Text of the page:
This is partly because they were so expensive to buy, but Prince Bira and Prince Chula of Siam could certainly afford one, and they bought this car for their famous White Mouse Stable. They raced it just once, but its next owner drove it to a class win at the 24 Hours of Spa in 1936. In 1949, another owner took the car apart and started a restoration, but never finished it. The current owner bought it in 1995 and had it restored in the lovely blue White Mouse Stable livery. The last Ulster sold at auction was in Monterey in 2017, and it brought $2,172,500.
1937 Bugatti Type 57S Atalante
Pre-sale estimate: £7M+ ($8.97M+)
One of the most breathtakingly beautiful cars of the 1930s, the Bugatti Type 57S/SC Atalante is also among the rarest—just 17 were built. The Type 57 was already a fantastic car, but the 57S (S for Surbaissé, French for “lowered”) made the whole thing lighter, lower, and quicker. And the aluminum Atalante body, penned by Jean Bugatti (son of company founder Ettore of pasta-machining fame) is second only to the similar Atlantic coupe in the good looks department.
This one sold new to British MP, naval officer, racing driver and nobleman Francis Curzon, aka Earl Howe. The Earl raced at Le Mans six times (winning in 1931), at the Monaco Grand Prix and tons of other races, often behind the wheel of a Bugatti. After he enjoyed the 57S for a while, it then passed through a few owners, eventually getting a supercharger in the late 1940s, which effectively brought the 57S to “SC” specs (S for Surbaissé, C for Compresseur, French for “supercharger”). In 1955, an eccentric doctor in Newcastle, England bought it for £895. And then it disappeared for half a century.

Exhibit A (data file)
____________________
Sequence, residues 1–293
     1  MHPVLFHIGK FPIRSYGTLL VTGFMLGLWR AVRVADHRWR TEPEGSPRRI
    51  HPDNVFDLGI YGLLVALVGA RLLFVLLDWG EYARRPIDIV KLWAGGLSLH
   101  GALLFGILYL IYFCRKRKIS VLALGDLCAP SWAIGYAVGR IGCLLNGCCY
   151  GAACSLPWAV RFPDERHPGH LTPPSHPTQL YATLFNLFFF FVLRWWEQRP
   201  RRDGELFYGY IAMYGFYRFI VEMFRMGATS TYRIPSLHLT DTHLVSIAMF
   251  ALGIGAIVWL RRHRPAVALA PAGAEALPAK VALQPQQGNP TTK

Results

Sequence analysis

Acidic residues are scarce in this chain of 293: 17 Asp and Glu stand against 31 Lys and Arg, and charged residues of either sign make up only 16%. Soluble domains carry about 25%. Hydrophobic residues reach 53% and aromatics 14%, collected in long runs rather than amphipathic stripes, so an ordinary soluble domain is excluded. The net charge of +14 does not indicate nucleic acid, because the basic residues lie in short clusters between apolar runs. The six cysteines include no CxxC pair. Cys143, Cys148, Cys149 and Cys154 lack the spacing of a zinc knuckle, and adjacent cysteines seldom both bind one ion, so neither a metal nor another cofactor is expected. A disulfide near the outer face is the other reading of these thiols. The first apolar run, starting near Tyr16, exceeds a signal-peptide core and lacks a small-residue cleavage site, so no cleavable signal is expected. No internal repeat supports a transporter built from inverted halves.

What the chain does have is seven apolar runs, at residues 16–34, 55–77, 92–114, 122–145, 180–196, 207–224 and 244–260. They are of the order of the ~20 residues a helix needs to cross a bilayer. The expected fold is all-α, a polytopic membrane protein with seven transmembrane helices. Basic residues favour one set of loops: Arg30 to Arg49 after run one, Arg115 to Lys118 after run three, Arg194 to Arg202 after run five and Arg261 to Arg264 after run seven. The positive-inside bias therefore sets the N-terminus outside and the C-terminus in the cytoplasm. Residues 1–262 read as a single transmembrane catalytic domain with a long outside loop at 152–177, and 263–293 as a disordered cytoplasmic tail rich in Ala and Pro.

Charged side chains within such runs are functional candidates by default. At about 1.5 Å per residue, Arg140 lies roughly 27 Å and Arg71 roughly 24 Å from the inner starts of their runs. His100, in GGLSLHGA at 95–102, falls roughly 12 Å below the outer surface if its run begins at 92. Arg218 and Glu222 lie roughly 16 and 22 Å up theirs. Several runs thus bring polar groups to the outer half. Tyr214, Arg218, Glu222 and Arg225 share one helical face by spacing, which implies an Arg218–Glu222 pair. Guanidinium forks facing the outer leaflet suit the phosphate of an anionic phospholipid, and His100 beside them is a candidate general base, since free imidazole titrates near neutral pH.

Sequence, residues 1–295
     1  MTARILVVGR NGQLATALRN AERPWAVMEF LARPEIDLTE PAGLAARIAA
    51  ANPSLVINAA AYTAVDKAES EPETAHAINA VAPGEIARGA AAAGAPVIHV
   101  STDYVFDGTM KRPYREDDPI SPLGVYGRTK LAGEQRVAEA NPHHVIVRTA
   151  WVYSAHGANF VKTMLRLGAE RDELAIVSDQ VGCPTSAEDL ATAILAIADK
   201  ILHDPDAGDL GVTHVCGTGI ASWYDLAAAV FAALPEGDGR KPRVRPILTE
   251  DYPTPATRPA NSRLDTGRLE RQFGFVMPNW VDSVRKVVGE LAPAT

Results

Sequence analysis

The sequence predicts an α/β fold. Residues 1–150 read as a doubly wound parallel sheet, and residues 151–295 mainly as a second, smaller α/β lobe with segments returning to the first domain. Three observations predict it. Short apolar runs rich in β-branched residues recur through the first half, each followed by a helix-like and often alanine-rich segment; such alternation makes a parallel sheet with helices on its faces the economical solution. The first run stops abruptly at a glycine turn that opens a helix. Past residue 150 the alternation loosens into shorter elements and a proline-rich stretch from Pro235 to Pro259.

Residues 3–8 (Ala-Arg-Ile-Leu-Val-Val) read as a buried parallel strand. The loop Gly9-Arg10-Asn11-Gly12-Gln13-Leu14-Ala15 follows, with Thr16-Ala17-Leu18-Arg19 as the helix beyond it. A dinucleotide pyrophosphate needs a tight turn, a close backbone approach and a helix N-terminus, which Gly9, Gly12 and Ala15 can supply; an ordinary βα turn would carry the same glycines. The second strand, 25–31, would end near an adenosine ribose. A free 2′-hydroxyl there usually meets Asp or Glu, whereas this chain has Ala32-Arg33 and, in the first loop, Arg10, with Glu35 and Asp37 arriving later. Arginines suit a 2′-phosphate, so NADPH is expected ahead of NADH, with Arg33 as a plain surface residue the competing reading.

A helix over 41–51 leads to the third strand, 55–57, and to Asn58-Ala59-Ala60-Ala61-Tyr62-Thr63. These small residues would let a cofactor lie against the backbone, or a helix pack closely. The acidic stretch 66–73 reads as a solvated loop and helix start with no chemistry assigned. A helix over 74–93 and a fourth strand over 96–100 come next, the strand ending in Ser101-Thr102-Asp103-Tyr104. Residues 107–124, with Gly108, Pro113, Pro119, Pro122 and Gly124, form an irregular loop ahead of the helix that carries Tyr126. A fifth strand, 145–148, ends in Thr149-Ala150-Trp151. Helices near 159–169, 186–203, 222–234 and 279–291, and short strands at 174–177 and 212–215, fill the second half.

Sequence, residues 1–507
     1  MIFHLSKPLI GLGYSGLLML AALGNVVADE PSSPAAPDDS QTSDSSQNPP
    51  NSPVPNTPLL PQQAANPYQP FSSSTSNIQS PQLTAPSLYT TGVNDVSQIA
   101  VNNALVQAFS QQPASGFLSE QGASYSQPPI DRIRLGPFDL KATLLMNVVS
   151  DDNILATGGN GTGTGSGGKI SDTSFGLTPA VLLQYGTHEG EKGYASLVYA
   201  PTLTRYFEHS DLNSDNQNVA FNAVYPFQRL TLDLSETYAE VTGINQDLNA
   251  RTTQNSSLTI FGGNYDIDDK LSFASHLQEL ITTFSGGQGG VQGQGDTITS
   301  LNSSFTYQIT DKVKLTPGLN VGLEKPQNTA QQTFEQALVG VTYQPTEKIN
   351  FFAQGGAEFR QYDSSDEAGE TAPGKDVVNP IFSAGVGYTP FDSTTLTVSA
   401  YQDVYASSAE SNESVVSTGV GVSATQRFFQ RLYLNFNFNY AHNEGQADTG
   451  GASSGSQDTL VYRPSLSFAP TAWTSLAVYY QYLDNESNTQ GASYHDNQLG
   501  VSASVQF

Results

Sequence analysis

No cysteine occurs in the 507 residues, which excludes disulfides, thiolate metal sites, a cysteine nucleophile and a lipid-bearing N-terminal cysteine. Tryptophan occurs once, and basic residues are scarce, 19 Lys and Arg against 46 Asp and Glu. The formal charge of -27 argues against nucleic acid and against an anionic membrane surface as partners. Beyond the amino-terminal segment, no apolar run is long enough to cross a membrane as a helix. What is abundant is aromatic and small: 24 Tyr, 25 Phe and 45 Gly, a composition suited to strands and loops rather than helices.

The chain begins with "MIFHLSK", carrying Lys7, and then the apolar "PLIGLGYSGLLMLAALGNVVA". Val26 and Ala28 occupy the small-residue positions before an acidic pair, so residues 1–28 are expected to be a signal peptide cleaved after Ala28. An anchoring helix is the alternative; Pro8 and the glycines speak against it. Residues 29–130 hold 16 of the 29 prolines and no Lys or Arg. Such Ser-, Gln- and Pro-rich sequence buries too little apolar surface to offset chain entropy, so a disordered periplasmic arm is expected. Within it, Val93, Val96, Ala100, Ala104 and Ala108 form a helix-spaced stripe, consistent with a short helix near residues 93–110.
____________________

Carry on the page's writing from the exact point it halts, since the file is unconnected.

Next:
If this story is starting to sound familiar, that’s because this Atalante is already quite famous. Everyone loves a barn find, so when it resurfaced as one of the all-time great discoveries back in 2009, it made headlines in both the automotive and mainstream press. The doctor, who had no children, suffered from obsessive compulsive disorder in his later years and became something of a hoarder. When he died in 2007, his family faced the daunting task of clearing out the mess. They didn’t know that in this case the “mess” included a multi-million-dollar Bugatti, along with a few other classic cars. Sure beats an uncle who collects baseball cards.
The Atalante went to auction in Paris in barn-find condition in 2009. Some speculated it could be the most expensive car ever sold at auction at the time, but it fell short of expectations, selling for €3,417,500 (about $4.4M at the time). It has since been restored and today retains its original chassis, body, 3.3-liter twin-cam straight-eight engine, and period-installed supercharger.